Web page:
Can you pay tax bill with credit card? HMRC credit card changes.
15 May 2019
If you are one of the many thousands of self-employed due to pay your Self Assessment Tax there’s a big payment change that you need to be aware of.
Can you pay your tax bill with credit card?
Previously, up to 800,000 people paid their tax bill via credit card, however a change introduced in 2018, means HMRC no longer accept payments from personal credit cards.
The change is mainly due to the level of fees imposed on such transactions, though debit cards and corporate credit cards will still be accepted. This change also extends to payments made for VAT as well as Self Assessment Tax.
However, it leaves many who previously relied on paying by credit card with a large bill to pay and needing to look for alternative payment options to spread the cost.
Self-employed? Pay your tax bill with a short term business loan
Finding a way to pay your tax bill can be hard when a significant sum needs to be found from business cash flow and as such, spreading the cost is an increasingly attractive option for many.
A short-term loan from White Oak UK lets you make tax more manageable, providing you with funding to cover the full cost of tax, be that personal tax, corporation tax or VAT, over a 3-12-month term.
Funds can be repaid on a fixed number of installments, giving you the peace of mind that your tax bill is covered on time, avoiding any potential charges for non-payment.
At White Oak UK, we make money work for business and last year alone, we provided businesses and self-employed individuals with over £50million in loans to cover personal tax obligations.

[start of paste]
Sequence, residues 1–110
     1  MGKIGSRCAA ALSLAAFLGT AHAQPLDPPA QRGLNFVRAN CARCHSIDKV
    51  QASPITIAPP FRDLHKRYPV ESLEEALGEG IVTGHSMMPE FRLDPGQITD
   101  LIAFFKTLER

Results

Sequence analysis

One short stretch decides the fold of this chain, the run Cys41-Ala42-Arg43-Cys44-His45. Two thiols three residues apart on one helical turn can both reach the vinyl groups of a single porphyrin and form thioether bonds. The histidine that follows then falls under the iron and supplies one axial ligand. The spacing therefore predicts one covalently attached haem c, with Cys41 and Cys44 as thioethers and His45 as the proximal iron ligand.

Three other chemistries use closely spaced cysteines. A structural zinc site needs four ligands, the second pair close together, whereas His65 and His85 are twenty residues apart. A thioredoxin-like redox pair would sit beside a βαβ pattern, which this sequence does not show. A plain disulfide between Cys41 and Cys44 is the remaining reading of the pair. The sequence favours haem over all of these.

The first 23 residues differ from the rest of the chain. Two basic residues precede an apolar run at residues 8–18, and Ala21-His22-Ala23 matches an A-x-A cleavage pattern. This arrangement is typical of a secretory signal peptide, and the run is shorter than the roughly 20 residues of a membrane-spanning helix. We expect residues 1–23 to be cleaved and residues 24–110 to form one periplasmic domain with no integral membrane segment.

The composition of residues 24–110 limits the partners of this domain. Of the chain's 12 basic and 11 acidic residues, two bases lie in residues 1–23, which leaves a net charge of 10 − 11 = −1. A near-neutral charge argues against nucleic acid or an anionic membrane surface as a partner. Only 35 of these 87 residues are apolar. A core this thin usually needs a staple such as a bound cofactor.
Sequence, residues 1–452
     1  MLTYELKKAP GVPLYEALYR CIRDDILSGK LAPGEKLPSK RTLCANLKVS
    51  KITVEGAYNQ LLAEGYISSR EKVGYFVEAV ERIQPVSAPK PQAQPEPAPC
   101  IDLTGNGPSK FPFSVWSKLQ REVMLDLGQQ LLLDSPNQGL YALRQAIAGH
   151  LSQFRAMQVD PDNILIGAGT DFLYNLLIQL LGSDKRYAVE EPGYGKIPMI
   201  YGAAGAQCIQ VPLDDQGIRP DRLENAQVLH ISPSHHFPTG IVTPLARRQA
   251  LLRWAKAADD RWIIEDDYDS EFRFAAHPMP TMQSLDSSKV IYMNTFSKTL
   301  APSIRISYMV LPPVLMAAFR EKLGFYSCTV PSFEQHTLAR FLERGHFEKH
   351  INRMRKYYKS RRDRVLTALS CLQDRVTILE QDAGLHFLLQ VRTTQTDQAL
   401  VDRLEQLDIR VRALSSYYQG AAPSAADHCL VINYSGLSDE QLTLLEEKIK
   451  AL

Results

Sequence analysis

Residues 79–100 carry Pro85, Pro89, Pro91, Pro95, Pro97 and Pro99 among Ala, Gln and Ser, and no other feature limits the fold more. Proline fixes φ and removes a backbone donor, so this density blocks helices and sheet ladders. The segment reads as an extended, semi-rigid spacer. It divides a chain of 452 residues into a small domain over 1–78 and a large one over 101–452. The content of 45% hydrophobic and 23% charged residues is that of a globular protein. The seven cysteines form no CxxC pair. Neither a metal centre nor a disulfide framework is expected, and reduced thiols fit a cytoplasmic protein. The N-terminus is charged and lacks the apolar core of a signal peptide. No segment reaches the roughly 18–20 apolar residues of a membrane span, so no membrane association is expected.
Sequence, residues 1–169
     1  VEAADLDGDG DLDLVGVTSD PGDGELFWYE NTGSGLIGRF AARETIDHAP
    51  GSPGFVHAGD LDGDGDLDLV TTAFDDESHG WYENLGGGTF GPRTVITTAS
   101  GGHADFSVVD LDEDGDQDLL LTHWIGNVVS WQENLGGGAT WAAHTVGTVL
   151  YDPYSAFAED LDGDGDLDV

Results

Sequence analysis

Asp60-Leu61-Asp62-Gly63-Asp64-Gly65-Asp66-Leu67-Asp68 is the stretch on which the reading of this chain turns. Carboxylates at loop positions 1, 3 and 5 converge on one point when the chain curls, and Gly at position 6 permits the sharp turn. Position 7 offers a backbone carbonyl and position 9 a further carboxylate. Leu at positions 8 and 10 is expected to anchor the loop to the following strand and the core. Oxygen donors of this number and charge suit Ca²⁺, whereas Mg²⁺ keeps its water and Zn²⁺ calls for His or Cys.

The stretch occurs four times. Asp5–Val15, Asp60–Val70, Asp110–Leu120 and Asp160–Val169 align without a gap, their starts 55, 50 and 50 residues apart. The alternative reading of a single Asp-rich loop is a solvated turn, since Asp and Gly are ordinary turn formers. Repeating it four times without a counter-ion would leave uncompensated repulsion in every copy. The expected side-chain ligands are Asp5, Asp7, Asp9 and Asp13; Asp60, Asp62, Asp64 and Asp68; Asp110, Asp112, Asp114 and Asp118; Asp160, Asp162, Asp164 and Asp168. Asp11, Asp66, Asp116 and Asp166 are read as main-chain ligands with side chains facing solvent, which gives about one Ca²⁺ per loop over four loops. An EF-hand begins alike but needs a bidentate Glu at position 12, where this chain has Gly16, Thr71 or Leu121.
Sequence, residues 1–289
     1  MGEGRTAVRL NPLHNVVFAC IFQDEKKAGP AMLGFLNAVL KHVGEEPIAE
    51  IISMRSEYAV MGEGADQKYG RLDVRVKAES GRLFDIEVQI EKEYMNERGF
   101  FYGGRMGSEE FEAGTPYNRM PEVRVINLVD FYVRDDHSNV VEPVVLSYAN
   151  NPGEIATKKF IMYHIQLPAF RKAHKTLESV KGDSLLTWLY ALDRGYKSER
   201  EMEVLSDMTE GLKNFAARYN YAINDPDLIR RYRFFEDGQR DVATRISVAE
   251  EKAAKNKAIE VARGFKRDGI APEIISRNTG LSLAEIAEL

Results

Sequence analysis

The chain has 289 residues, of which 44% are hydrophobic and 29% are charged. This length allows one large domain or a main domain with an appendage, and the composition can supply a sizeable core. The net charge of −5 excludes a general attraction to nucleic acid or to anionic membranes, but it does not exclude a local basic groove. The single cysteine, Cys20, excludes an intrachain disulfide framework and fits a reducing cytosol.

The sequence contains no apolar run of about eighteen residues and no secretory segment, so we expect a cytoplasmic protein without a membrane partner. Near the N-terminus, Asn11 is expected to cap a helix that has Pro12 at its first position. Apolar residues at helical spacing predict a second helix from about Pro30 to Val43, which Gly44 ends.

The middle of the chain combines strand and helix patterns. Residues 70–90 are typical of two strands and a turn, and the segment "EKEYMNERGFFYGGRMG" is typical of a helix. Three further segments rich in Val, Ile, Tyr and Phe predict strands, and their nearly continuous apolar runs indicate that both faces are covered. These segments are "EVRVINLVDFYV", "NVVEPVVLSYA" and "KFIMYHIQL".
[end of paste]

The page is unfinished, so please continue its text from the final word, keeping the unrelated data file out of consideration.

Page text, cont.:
- Unsecured loans from £2k – £500k
- Fixed payments over 3-12 months
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Get a free finance quote for your tax bill
Act now before the deadline
Whilst over 93% of tax payers filed their tax on time earlier this year, there were still more than 700,000 who missed the deadline.
So if you are one of the many thousands of self-employed people due to pay your Self-Assessment Tax by July 31st then now is the time to start considering not just completing your return, but crucially, how you will cover this considerable cost.
Every year, HMRC release their top excuses for late or non-submission of tax returns, from broken boilers to being too short to reach the post box, but in all seriousness, avoiding late return penalties by completing on time and also arranging the funds to cover this expense in advance, can help to lighten the tax burden.
Self-employed? Be aware of ‘Payment on Account’
There is also the subject of payment on account, a little talked about, but nonetheless critical consideration for those perhaps newer to self-employment and applicable to anyone whose self-assessment bill is more than £1000.
Whilst 50% of this payment on account may have been settled alongside the January tax deadline, the second instalment of this may also be due by 31st July (for more details on HMRC accepted payments and payment on account, please speak to your accountant).
The result for many, newly self-employed people is that they typically face a tax bill which is roughly 50% higher than they had been expecting.